In the following years, the author made other trips to foreign countries. He was in Morocco from 1961 to 1963 as ambassador. Three years later, in 1966, with the writer Fernando Sabino (1923-2004), was one of the founders of ANDdictator Mockingbird.

Then he continued to write chronicles and, in 1975, he started working on the television news Today, from Rede Globo, a partnership that lasted 15 years. Finally, the chronicler died on December 19, 1990, in Rio de Janeiro, due to problems caused by cancer.

Read too: Nelson Rodrigues — author known mainly for his plays

Features of Rubem Braga's work

Rubem Braga, despite being above all a chronicler, was influenced by the modernist generation, mainly from the second generation. So, his chronicles present reflections on everyday events and they deal with themes of a universal character, with an objective language.

His writing, therefore, has few adjectives. In addition, she values ​​the simplicity and colloquial elements of the language. Rubem Braga has a memorialistic, opinionated and ironic writing. In this way, with a melancholy tone, the writer reflects on his time, manifests an anticlerical stance and makes sociopolitical criticisms.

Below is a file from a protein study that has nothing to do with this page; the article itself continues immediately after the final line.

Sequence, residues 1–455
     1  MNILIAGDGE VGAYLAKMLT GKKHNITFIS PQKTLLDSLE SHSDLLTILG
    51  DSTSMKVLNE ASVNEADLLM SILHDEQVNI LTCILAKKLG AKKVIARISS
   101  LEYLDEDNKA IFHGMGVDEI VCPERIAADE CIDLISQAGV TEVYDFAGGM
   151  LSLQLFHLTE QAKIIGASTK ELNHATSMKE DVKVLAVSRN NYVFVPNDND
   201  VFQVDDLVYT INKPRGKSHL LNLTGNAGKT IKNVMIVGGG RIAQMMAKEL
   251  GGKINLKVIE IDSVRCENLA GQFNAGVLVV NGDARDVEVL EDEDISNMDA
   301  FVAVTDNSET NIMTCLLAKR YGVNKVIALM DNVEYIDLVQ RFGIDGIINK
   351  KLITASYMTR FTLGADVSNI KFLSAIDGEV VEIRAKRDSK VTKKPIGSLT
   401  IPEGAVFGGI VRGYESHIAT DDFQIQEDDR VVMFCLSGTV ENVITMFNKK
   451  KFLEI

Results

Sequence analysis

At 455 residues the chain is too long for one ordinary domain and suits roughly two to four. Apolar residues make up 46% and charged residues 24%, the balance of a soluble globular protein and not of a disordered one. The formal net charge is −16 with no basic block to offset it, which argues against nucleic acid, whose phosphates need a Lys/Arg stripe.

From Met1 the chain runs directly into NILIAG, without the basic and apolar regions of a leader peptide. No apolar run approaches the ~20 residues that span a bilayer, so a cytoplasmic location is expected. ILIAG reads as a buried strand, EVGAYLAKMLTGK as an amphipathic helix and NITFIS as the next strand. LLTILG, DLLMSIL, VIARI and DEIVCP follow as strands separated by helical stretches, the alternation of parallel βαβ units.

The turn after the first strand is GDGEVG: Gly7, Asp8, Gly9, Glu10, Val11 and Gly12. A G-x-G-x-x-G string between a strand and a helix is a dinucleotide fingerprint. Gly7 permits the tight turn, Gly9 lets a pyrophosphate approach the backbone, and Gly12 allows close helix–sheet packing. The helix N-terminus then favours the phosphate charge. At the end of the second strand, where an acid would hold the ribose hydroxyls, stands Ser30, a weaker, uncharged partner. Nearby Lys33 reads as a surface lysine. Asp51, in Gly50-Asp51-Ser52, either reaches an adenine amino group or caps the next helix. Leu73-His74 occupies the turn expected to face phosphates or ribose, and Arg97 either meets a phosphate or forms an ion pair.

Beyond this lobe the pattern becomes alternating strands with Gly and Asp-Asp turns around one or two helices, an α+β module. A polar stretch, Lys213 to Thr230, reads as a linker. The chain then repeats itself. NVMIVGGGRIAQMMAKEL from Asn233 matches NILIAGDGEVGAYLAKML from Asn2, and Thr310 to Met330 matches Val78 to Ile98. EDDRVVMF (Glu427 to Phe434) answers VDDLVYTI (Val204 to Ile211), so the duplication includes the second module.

Works by Rubem Braga

“Ai de ti, Copacabana!”, work by Rubem Braga, published by Global Editora [2]
“Ai de ti, Copacabana!”, work by Rubem Braga, published by Global Editora [2]
  • The Count and the Bird (1936);

  • isolation hill (1944);

  • With FEB in Italy (1945);

  • a corn stalk (1948);

  • the husky man (1949);

  • 50 chronicles chosen (1951);

  • three primitives (1954);

  • the yellow butterfly (1955);

  • The city and the rock (1957);

  • 100 chronicles chosen (1958);

  • Woe to you, Copacabana! (1962);

  • Chronicles of the Holy Spirit (1964);

  • The betrayal of the elegant (1967);

  • 200 chronicles chosen (1977);

  • The boy and the tuim (1986);

  • the good things in life (1988);

  • summer and women (1990);

  • 1939: an episode in Porto Alegre (A fairy in the “front”) (1994);

  • Casa dos Braga: childhood memory (1997);

  • A card from Paris (1997).

Read too:Ariano Suassuna – playwright and creator of the Armorial Movement

Quotes from Rubem Braga

Let's read, below, some phrases by Rubem Braga, extracted from his book Woe to you, Copacabana!:

"The trees cry, and they sing with the waves when the ocean wind blows..."

“Perhaps it is good that men do not feel too secure on the land, and that the landlord may suspect that he is not so immobile after all.”

“There was a time when God sufficed to humble the mighty; today your nightmares are just communism, heart attack and cancer.”

“And getting used to it until today, I just didn't get used to jail.”

“I am not in love, but I can see the face of Passion.”

"Home must be preparation for the grave's greatest secret."

“No house is functional if there is no place for the swallow to make its nest.”

image credits

[1] Public domain / National Archive Collection

[2] Global Publisher (reproduction)

By Warley Souza
Literature teacher